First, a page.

RE: 32 bit integers

From: Manuel Fahndrich (
Date: Thu Oct 21 1999 - 20:13:08 MET DST

From: Manuel Fahndrich <>
To: "''" <>
Subject: RE: 32 bit integers
Date: Thu, 21 Oct 1999 11:13:08 -0700

I've been using the Int32 bit library quite a bit in the last months and
although it is a workable solution to getting 32 bit quantities. However,
having used SML earlier in my life, I think providing native 32 bit (even if
boxed) quantities in the OCAML language is a must. Consider for example the
problem that I cannot write 32bit constants into the code. I have to
construct them via strings and a custom conversion function, or predefine
them in C. This makes the code more obscure than necessary.

I advocate introducing a primitive 'word' type which is the full machine
width, along with constants
(e.g. 0wxxxx as in SML) and operators.


-----Original Message-----
From: Xavier Leroy []
Sent: Thursday, October 21, 1999 7:24 AM
To: Edwin Young; ''
Subject: Re: 32 bit integers

> several people have been requesting features to be included in a
> forthcoming O'Caml/O'Labl merge, so I thought I'd add a humble plea for
> some support for untagged (presumably boxed) integers. I'm looking
> mostly at camlidl, the documentation for which says: "Since the Caml int
> type has one bit of tag, the conversion from IDL types int and long
> loses the most significant bit on 32-bit platforms". I don't think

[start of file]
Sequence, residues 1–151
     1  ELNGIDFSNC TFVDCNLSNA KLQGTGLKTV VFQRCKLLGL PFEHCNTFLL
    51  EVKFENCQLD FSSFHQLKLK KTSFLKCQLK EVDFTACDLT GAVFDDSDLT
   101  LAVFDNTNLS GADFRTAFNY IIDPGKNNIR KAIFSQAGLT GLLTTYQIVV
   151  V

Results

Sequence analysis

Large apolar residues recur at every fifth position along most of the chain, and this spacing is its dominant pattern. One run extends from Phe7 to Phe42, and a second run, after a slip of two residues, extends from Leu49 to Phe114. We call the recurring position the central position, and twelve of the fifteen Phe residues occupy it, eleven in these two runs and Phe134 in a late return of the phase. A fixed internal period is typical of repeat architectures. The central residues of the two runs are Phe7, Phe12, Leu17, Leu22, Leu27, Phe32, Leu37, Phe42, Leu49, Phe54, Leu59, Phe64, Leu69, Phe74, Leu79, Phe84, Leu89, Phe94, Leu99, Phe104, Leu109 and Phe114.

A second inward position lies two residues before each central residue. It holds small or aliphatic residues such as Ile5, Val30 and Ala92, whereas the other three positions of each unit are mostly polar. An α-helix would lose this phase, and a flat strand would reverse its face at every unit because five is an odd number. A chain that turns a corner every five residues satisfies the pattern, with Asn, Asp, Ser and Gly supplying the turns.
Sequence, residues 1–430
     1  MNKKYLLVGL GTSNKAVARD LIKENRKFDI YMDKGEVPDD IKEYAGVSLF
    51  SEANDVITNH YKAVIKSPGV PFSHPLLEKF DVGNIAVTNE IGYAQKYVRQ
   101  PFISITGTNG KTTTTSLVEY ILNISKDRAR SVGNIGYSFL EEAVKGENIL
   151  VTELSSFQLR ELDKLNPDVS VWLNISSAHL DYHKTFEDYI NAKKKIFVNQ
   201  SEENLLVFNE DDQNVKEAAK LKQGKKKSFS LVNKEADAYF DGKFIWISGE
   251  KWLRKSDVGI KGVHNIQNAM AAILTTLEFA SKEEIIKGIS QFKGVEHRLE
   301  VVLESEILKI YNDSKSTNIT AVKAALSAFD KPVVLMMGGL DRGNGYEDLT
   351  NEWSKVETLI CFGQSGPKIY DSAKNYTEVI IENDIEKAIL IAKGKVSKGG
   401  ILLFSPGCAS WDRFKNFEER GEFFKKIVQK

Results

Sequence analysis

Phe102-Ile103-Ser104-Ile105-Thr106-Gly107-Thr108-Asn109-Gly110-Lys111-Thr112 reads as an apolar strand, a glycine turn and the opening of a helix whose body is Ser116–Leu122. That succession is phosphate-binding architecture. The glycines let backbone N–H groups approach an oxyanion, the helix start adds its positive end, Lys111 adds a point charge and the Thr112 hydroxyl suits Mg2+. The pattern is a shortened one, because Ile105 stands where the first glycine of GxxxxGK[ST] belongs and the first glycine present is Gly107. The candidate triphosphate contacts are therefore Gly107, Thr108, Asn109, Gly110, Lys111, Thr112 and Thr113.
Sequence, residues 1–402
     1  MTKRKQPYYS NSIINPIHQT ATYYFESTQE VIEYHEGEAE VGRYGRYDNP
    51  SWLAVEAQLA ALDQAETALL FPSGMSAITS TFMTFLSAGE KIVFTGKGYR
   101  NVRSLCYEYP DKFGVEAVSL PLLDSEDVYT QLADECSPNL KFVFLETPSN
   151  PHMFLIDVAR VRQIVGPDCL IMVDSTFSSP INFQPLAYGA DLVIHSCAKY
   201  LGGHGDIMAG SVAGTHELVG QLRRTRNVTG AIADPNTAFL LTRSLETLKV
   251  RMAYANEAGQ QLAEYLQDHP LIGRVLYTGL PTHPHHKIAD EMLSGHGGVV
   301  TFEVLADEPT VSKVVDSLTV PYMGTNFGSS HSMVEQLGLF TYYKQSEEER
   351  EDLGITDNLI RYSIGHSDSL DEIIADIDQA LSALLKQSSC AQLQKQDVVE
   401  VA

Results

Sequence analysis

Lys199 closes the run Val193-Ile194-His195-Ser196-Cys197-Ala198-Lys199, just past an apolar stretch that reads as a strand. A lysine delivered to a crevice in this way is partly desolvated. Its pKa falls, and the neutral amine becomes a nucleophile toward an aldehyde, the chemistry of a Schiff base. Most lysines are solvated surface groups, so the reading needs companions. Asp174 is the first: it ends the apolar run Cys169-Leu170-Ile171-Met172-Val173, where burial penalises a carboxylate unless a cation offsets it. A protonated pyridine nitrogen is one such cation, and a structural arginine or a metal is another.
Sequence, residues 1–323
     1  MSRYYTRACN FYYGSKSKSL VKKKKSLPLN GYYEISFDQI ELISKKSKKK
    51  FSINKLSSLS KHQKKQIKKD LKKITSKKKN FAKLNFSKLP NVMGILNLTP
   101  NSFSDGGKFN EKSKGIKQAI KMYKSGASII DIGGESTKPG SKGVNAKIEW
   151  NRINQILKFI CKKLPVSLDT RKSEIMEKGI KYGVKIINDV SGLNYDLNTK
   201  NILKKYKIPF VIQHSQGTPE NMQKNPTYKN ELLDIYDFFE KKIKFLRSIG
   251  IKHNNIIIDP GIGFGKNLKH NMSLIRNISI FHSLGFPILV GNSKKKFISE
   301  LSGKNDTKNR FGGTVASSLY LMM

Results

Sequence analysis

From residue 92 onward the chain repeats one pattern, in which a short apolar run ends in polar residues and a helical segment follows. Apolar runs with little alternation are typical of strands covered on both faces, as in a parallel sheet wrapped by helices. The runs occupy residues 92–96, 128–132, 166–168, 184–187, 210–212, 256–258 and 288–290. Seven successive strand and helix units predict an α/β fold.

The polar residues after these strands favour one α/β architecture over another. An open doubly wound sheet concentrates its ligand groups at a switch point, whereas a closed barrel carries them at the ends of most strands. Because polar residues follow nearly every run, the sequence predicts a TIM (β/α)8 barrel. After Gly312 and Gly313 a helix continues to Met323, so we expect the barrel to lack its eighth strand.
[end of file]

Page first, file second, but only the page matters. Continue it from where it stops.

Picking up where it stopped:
> that's terribly satisfactory.

We all agree on that. The "int" type will almost certainly remain
unboxed and tagged (i.e. with one fewer bits than the platform's
native integers) in the near future, but additional (boxed, untagged)
integer types are certainly important for foreign-function interface.

See for instance J.-C. Filliatre's "Int32" library,
(although I object to the name of that library -- on an Alpha, it
implements 64-bit integers...)

> If there isn't going to be a 32-bit type,
> can anyone suggest a workaround (eg can I convince camlidl to map all
> ints to floats)?

I'm not sure you really want to do it for all ints. But you can do it
on a function-per-function basis in at least two ways. Consider a C

        int myfunc(int x)

where the two "int" need to be represented as floats in Caml.

The first way to do this is to cheat in the .idl file given to Camlidl:
just declare myfunc as

        double myfunc(double x)

and make sure that the generated C stub code knowns the real prototype
of "myfunc", either by including a header file or by putting an extra

        quote(C, "#include <myfunc.h>")
        quote(C, "extern int myfunc(int x);")

Then, the stub code generated by Camlidl will treat the argument and
the result of "myfunc" as doubles, but the C compiler will insert the
required int<->double coercions in the actual call to "myfunc" in the
stub code.

The second, more general way is to define (using typedef in the .idl
file) a C type int32 synonymous for int, but represented in Caml as float:

  quote(C, "
    static value int32_c2ml(int * input)
    { return copy_double((double) (*input)); }
    static void int32_ml2c(value input, int * output)
    { *output = (int) Double_val(input); }

  typedef [mltype("float"),c2ml(int32_c2ml),ml2c(int32_ml2c)] int int32;

  int32 myfunc(int32 x);

This approach is more general in that you can use other Caml types
than float, e.g. Filliatre's Int32.t type. Of course, you have to
provide manually the correct conversion functions (c2ml and ml2c).

Hope this helps,

- Xavier Leroy

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